Islands Beyond the Horizon: The Life of Twenty of the World’s Most Remote Places

I love islands and insular cultures, so I was drawn to this new book in my library’s collection. Islands Beyond the Horizon: The Life of Twenty of the World’s Most Remote Places by Roger Lovegrove is right up my island alley in that it covers places that I have been to (Tristan da Cunha), places I want to visit (Jan Mayen) and places that I had never heard of and am altogether fascinated by (St. Kilda). Lovegrove talks about the islands’ history yet his main focus is on the environmental destruction that man has wrought on these islands. In every case man has destroyed these fragile environments either through active exploitation, such as whaling on the island of South Georgia, or through the supposedly noble and innocent action of establishing human settlement. In the case of Guam, as with most of the other islands covered in this book, man razed the native vegetation and alien plants were introduced. Native animals and birds perished under the new human invaders or under the foreign species they brought with them, such as rats, mice and cats. Late last year I wrote a review for another book about islands, Island: How Islands Transform the World by J. Edward Chamberlin, but the subject matter differs from Islands Beyond the Horizon, where the former deals specifically with the social and psychological aspects of insular cultures while Lovegrove’s focus is on island ecology. They are therefore found in completely different subject areas in the Sciences and Business Department.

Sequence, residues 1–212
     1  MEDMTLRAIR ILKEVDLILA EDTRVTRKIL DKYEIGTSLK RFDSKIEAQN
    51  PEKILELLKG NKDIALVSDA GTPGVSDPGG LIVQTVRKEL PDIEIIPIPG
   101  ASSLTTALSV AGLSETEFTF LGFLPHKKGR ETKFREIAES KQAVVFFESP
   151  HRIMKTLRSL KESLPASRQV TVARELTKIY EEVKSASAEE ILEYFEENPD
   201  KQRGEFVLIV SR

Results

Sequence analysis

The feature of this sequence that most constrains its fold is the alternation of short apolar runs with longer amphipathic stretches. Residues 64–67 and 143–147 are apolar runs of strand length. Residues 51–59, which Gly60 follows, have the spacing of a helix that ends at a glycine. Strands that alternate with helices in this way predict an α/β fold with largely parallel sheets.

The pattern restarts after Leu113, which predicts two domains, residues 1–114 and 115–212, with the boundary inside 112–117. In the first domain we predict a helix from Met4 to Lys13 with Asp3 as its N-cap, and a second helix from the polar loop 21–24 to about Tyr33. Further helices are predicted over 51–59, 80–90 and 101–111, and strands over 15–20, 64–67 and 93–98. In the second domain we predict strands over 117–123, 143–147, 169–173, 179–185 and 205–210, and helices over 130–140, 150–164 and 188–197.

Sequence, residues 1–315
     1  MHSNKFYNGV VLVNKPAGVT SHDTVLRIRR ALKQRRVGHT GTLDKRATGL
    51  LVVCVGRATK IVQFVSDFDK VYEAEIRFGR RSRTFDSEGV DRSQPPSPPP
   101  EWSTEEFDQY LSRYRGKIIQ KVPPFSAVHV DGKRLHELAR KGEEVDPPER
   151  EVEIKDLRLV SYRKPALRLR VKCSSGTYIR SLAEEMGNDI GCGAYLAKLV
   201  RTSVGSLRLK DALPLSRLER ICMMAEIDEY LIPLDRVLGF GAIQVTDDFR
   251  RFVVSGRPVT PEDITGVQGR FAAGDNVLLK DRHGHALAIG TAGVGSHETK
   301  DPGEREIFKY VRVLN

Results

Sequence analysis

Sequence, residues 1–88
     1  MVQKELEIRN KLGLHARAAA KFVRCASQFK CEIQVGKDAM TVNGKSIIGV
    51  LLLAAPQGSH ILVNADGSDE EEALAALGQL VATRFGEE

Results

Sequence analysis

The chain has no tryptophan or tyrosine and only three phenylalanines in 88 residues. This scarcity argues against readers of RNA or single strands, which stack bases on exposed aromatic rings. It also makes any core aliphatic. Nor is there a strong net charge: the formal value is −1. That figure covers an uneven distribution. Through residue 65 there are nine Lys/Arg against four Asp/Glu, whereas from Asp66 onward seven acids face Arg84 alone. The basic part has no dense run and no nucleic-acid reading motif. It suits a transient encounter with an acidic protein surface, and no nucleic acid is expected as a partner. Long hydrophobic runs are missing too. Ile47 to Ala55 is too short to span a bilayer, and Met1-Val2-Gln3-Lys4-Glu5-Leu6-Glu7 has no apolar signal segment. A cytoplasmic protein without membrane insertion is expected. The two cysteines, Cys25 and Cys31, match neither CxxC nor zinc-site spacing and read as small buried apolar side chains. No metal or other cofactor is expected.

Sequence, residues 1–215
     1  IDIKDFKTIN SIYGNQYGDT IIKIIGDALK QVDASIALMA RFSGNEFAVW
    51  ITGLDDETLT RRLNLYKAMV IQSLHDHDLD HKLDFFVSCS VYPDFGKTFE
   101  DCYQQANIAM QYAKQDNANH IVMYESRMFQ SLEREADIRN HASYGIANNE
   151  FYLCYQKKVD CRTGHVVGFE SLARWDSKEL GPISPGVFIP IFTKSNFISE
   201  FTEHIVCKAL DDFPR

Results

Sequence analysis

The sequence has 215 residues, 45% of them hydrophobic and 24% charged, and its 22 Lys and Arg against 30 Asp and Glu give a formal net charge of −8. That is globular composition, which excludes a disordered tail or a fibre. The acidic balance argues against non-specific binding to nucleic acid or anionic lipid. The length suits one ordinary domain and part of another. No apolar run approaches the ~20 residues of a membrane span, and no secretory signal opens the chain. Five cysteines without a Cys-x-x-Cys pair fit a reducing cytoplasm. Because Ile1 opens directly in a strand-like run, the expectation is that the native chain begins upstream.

Lovegrove visited all the islands in his book except the St. Peter and St. Paul Rocks off Brazil. They can’t even be called “islands”; they’re more like islets or, rather, just lumps of rock in the mid-Atlantic. So while he did in fact visit Tristan da Cunha, he made a couple of errors about the place. The island’s only settlement is formally known as Edinburgh of the Seven Seas, yet Lovegrove added annoying hyphens within the name. Gough Island lies 350 km outside the Tristan archipelago, not 180. I also found the metric conversions in parentheses to be a distraction, where every imperial measurement was immediately followed by its equivalent in metric. This destroyed the flow of the read every time, like coming across a roadblock immediately after starting to learn about somewhere new and exciting.

Islands which may have seemed to outsiders as providing an idyllic, castaway lifestyle had this reputation ruined once modern civilization stomped its way in. It doesn’t matter if life on these islands was in reality entirely opposite to this castaway myth, as outsiders’ impressions often trump local reality in the matters of worldwide reputation. This is perhaps most evident on Tristan da Cunha when the islanders returned from their two-year exile in England following the volcanic eruption: